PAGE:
Renova Group

July 31, 2016 – Opinion: The Clinton Foundation, State and Kremlin Connections

The Skolkovo Innovation Center opens in 2010 and is often referred to as Russia’s “Silicon Valley.” (Credit: Valeny Meinkov/Sputnik)

By Peter Schweizer

“Hillary Clinton touts her tenure as secretary of state as a time of hardheaded realism and “commercial diplomacy” that advanced American national and commercial interests. But her handling of a major technology transfer initiative at the heart of Washington’s effort to “reset” relations with Russia raises serious questions about her record. Far from enhancing American national interests, Mrs. Clinton’s efforts in this area may have substantially undermined U.S. national security.

Consider Skolkovo, an “innovation city” of 30,000 people on the outskirts of Moscow, billed as Russia’s version of Silicon Valley—and a core piece of Mrs. Clinton’s quarterbacking of the Russian reset.

Following his 2009 visit to Moscow, President Obama announced the creation of the U.S.-Russia Bilateral Presidential Commission. Mrs. Clinton as secretary of state directed the American side, and Foreign Minister Sergei Lavrov represented the Russians. The stated goal at the time: “identifying areas of cooperation and pursuing joint projects and actions that strengthen strategic stability, international security, economic well-being, and the development of ties between the Russian and American people.”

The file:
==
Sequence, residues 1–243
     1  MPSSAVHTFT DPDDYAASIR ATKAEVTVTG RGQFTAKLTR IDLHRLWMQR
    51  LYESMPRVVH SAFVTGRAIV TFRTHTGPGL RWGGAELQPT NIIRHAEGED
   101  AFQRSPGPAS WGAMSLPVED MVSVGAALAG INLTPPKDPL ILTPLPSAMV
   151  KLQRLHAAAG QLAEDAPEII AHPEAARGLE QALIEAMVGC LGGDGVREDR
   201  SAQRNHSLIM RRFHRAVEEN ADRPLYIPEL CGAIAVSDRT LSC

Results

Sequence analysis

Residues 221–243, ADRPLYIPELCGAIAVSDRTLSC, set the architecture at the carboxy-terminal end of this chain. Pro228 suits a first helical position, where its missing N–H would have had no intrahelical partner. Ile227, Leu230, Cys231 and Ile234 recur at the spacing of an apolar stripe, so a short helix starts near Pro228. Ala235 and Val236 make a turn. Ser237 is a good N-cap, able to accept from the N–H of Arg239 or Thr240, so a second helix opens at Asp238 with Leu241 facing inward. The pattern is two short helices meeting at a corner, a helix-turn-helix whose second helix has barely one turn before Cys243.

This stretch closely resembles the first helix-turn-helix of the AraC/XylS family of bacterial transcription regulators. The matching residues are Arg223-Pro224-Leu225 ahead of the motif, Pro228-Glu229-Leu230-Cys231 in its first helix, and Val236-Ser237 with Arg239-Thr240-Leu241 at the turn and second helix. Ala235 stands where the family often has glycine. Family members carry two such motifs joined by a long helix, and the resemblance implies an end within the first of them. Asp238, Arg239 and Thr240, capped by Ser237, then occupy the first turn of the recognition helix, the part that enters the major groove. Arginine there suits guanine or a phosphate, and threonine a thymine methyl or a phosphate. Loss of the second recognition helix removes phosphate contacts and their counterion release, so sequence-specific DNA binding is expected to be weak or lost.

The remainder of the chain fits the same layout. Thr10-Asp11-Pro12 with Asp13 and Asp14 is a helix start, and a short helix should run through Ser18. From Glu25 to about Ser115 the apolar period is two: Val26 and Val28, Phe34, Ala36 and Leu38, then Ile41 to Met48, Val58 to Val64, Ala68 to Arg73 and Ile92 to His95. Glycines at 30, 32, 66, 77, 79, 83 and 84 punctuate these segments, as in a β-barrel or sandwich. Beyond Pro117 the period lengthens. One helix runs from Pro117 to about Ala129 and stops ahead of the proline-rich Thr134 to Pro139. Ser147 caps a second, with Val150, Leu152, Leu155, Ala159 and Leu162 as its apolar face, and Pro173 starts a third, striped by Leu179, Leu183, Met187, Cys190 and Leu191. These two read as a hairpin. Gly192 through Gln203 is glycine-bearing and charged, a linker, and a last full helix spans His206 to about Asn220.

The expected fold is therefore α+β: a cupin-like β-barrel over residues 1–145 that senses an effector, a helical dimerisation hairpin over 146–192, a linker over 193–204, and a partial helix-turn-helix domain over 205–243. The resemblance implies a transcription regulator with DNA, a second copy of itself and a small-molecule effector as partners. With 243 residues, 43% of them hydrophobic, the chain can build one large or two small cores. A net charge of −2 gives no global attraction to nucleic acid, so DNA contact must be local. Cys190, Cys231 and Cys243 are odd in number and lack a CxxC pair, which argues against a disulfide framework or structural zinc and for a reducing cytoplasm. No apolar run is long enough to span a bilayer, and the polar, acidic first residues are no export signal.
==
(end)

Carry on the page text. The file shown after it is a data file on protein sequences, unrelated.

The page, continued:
The Kremlin committed $5 billion over three years to fund Skolkovo. Mrs. Clinton’s State Department worked aggressively to attract U.S. investment partners and helped the Russian State Investment Fund, Rusnano, identify American tech companies worthy of Russian investment. Rusnano, which a scientific adviser to President Vladimir Putin called “Putin’s child,” was created in 2007 and relies entirely on Russian state funding.

What could possibly go wrong?

Soon, dozens of U.S. tech firms, including top Clinton Foundation donors like Google, Intel and Cisco , made major financial contributions to Skolkovo, with Cisco committing a cool $1 billion. In May 2010, the State Department facilitated a Moscow visit by 22 of the biggest names in U.S. venture capital—and weeks later the first memorandums of understanding were signed by Skolkovo and American companies.

By 2012 the vice president of the Skolkovo Foundation, Conor Lenihan —who had previously partnered with the Clinton Foundation—recorded that Skolkovo had assembled 28 Russian, American and European “Key Partners.” Of the 28 “partners,” 17, or 60%, have made financial commitments to the Clinton Foundation, totaling tens of millions of dollars, or sponsored speeches by Bill Clinton.

Russians tied to Skolkovo also flowed funds to the Clinton Foundation. Andrey Vavilov, the chairman of SuperOx, which is part of Skolkovo’s nuclear-research cluster, donated between $10,000 and $25,000 (donations are reported in ranges, not exact amounts) to the Clinton’s family charity. Skolkovo Foundation chief and billionaire Putin confidant Viktor Vekselberg also gave to the Clinton Foundation through his company, Renova Group.

Amid all the sloshing of Russia rubles and American dollars, however, the state-of-the-art technological research coming out of Skolkovo raised alarms among U.S. military experts and federal law-enforcement officials. Research conducted in 2012 on Skolkovo by the U.S. Army Foreign Military Studies Program at Fort Leavenworth declared that the purpose of Skolkovo was to serve as a “vehicle for world-wide technology transfer to Russia in the areas of information technology, biomedicine, energy, satellite and space technology, and nuclear technology.” (Read more: Wall Street Journal, 7/31/2016)